Risk and financial management of construction projects have been widely studied using different approaches and systems. Three basic frontiers underpin project management research in this area: normative; descriptive; and instrumental. The descriptive approach deals with how project managers perceive and represent risks that is, risk analysis. Instrumental approach study’s the impact of risk management on projects and the organisation. This perspective informs the premise in which studies that seek to justify the need for risk management are based. The normative approach identifies the moral and ethical linkages between the individual, organisations and supra system and risk management practice. While a vast of number of studies have been descriptive and instrumental, very few however address systemic issues impacting risk and financial management practice. This paper sets out to reflect on the risk and financial management practice in Nigeria using system approaches. It is a critical appraisal involving SLEEPT, Multiple goal and the GESTALT theories. In reprising the problem, the report assessed the national economy of Nigeria using SLEEPT, with a view to establishing whether it is situated in extremistan or mediocristan. The organisation, a sub-system of the supra system is evaluated to establish its links with the supra system using GESTALT. A refinement is carried out based on these analyses in order to achieve congruence and to establish a baseline upon which risk and financial can be improved. The analysis reveals social, political, environmental and economic context of the supra system are in extremistan while the legal and technology are in mediocristan. The linkage in the different systems is anchored on decision making by the individual. Optimal decision making is therefore formulated using interactive framework.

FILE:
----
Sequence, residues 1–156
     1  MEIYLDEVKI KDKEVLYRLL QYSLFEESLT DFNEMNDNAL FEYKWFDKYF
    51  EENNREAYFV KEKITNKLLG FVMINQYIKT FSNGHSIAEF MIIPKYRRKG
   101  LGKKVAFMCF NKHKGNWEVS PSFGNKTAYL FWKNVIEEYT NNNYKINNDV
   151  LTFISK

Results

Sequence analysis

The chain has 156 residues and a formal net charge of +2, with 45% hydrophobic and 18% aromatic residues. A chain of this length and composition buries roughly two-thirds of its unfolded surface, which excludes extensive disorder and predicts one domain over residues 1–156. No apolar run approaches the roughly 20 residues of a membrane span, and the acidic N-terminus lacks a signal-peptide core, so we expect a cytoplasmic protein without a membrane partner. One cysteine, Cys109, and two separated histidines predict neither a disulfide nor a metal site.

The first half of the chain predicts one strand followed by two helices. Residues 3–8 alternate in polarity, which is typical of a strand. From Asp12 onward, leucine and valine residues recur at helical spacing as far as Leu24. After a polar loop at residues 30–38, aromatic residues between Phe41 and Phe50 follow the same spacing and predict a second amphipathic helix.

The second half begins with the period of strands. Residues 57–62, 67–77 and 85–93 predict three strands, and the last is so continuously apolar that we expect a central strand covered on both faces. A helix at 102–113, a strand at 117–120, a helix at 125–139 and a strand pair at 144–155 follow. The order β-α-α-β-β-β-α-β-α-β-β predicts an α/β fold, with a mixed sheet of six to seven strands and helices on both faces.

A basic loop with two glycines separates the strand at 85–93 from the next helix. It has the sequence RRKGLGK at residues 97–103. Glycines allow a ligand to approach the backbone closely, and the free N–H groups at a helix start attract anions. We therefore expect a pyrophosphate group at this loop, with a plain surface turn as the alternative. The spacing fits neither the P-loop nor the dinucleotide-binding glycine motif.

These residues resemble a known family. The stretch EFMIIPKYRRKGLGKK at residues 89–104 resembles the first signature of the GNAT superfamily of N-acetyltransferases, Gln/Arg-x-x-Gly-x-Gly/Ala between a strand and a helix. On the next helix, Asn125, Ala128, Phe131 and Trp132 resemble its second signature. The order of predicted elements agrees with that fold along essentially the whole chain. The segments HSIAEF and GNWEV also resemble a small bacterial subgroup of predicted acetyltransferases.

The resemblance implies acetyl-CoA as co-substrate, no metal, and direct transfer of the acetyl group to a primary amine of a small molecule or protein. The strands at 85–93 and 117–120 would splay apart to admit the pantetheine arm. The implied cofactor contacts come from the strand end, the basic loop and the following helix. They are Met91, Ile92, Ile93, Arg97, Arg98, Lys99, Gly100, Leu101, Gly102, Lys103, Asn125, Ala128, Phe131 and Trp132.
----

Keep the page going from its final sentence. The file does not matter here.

International Letters of Social and Humanistic Sciences (Volume 41)
S. B. Ekung "Risk and Financial Management Practice in the Construction Sector in Nigeria, System Thinking Perspective", International Letters of Social and Humanistic Sciences, Vol. 41, pp. 165-175, 2014